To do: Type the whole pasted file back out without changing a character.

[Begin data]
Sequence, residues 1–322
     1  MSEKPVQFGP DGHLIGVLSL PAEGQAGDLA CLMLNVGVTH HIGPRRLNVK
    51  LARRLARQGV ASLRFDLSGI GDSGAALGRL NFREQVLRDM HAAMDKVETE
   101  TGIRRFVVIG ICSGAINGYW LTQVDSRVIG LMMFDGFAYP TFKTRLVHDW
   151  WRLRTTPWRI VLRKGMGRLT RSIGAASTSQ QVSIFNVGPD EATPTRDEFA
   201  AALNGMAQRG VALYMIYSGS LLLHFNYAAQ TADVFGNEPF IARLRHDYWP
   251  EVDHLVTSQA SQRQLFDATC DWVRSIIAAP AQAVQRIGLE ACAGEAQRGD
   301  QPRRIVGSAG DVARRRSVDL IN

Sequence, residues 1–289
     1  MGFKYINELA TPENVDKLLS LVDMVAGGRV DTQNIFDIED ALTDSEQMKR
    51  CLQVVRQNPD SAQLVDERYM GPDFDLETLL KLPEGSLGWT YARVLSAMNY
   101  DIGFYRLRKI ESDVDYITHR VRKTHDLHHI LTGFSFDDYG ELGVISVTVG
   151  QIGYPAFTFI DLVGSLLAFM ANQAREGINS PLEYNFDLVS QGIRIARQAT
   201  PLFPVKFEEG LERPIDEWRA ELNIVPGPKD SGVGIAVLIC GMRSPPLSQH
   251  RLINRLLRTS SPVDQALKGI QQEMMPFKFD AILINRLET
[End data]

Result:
Sequence, residues 1–322
     1  MSEKPVQFGP DGHLIGVLSL PAEGQAGDLA CLMLNVGVTH HIGPRRLNVK
    51  LARRLARQGV ASLRFDLSGI GDSGAALGRL NFREQVLRDM HAAMDKVETE
   101  TGIRRFVVIG ICSGAINGYW LTQVDSRVIG LMMFDGFAYP TFKTRLVHDW
   151  WRLRTTPWRI VLRKGMGRLT RSIGAASTSQ QVSIFNVGPD EATPTRDEFA
   201  AALNGMAQRG VALYMIYSGS LLLHFNYAAQ TADVFGNEPF IARLRHDYWP
   251  EVDHLVTSQA SQRQLFDATC DWVRSIIAAP AQAVQRIGLE ACAGEAQRGD
   301  QPRRIVGSAG DVARRRSVDL IN

Sequence, residues 1–289
     1  MGFKYINELA TPENVDKLLS LVDMVAGGRV DTQNIFDIED ALTDSEQMKR
    51  CLQVVRQNPD SAQLVDERYM GPDFDLETLL KLPEGSLGWT YARVLSAMNY
   101  DIGFYRLRKI ESDVDYITHR VRKTHDLHHI LTGFSFDDYG ELGVISVTVG
   151  QIGYPAFTFI DLVGSLLAFM ANQAREGINS PLEYNFDLVS QGIRIARQAT
   201  PLFPVKFEEG LERPIDEWRA ELNIVPGPKD SGVGIAVLIC GMRSPPLSQH
   251  RLINRLLRTS SPVDQALKGI QQEMMPFKFD AILINRLET